Trunk Tweets a Miscarriage
Last week, career blogger Penelope Trunk caused a bit of a stir when she used Twitter to declare:
I’m in a board meeting. Having a miscarriage. Thank goodness, because there’s a fucked-up 3-week hoop-jump to have an abortion in Wisconsin.
Now, I’m not a big fan of Trunk personally, after hearing (most of) her talk at BarCamp Nashville 2007. I felt like this was a person who gives career advice I tend to disagree with or even find somewhat offensive, who is primarily interested in promoting herself however possible (which is fine, but I’m just not interested). This is all to make a disclaimer that I’m biased toward assigning attention-getting motives to just about anything Trunk does. Tweeting a miscarriage and gladness for it is certainly one way to continue to draw attention to oneself.
But you know what? Her tweet, and her motives for publishing it, are not the issue – the responses she reports receiving are. The comments telling Trunk how she *should* feel about a miscarriage are a problem. The idea that miscarriage is something personal that *should* be kept secret whether a woman wants to keep it secret or not, when so so many women have them, is a problem. The idea that people’s bodies should effectively be hidden from the work environment where we spend so much of our time is problematic in its own ways. The waiting period in Wisconsin obviously presented its own problem to Trunk, and likely does for many other women, including women without the work flexibility to accommodate waiting periods – I’ve written before that I find these waiting periods paternalistic and insulting. The idea that women should always be overjoyed and grateful to be pregnant is a problem – as any woman who has ever prayed to get her period will tell you. Yes, many women lose wanted pregnancies and are upset, even devastated. But people have a whole range of reactions to events in their lives, and that is okay.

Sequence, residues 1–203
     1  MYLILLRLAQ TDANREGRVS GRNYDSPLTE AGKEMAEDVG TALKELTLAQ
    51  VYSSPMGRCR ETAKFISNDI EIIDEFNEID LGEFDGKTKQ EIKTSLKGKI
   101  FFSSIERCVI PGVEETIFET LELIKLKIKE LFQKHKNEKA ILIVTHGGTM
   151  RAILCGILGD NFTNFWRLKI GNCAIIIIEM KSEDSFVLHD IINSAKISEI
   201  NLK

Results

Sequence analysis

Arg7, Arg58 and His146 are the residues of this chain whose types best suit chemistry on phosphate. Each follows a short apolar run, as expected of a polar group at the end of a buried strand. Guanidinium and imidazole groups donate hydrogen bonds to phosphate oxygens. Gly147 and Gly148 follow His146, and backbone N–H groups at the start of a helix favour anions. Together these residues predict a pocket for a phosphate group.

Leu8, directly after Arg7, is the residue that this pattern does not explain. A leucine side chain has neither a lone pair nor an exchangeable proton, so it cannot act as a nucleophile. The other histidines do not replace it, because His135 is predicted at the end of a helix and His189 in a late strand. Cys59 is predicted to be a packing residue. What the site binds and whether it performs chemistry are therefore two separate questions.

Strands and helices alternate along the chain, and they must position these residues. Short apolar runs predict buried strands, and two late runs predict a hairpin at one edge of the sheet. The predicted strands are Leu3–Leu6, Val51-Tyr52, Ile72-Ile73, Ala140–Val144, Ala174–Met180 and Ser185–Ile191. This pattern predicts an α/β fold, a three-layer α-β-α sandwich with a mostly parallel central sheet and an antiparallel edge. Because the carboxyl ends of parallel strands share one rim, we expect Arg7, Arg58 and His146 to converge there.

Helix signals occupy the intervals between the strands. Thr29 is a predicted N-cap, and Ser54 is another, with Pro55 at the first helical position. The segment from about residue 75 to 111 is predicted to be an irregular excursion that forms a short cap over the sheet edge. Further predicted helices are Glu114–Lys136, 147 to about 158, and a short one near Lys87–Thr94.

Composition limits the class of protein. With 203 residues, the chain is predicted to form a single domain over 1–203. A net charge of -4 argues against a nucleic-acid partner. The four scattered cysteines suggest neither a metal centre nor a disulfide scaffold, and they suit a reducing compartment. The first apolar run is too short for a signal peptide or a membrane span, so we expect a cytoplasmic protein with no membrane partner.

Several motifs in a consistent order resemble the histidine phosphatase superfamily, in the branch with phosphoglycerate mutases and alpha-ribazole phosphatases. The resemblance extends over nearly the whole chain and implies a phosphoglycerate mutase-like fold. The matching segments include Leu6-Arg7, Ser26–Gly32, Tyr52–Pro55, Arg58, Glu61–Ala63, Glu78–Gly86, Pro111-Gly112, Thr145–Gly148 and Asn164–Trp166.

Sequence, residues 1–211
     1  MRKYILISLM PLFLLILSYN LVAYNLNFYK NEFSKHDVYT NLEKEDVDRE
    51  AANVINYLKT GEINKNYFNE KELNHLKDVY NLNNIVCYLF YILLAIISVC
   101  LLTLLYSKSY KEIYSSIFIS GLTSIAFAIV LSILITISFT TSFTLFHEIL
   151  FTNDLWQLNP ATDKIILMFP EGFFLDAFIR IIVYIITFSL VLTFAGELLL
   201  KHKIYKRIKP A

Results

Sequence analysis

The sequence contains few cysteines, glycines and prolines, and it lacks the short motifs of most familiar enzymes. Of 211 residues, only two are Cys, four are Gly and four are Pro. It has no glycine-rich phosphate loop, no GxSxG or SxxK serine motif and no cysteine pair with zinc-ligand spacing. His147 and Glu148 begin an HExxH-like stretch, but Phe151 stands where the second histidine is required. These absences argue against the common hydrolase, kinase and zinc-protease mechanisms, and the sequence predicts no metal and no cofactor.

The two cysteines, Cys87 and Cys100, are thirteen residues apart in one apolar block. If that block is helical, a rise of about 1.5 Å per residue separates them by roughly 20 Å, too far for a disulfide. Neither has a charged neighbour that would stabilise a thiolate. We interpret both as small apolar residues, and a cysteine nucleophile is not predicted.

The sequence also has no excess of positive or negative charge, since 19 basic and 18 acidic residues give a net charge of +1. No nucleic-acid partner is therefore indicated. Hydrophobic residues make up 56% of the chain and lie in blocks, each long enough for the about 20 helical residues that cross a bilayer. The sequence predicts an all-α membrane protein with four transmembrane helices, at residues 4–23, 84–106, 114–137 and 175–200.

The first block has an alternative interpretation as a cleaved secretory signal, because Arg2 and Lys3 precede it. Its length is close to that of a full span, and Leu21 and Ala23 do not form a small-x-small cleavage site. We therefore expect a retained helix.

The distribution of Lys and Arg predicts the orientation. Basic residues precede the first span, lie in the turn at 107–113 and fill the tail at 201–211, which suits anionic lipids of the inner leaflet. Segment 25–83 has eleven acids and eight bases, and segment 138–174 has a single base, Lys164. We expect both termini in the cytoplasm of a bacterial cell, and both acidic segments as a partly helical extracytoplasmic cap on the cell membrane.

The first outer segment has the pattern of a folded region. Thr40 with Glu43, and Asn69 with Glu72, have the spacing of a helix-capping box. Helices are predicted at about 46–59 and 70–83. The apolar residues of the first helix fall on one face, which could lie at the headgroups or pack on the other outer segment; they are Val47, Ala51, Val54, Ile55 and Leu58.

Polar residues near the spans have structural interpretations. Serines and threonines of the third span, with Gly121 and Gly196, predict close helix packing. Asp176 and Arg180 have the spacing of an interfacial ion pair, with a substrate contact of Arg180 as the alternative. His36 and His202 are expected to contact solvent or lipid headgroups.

Amanda Marcotte (who I also don’t always agree with) also responds at Double X , where she writes:
“If the public at large had to face up to the fact that not every miscarriage is met with a vale of tears, that could have a dramatic impact on how we regard pregnancy, abortion, and women’s diverse experiences with our reproductive functions.”
And, as Trunk concludes, “We are not used to talking about the female experience, and especially not in the context of work. But so what? We can start now. The female experience is part of work…If work is going to support our lives, then we need to talk about how our lives interact with work.”
[You’ll have to go to about page 9 of Twitter search for @penelopetrunk right now to see some of the negative responses, along with the comments on her blog post on the matter.]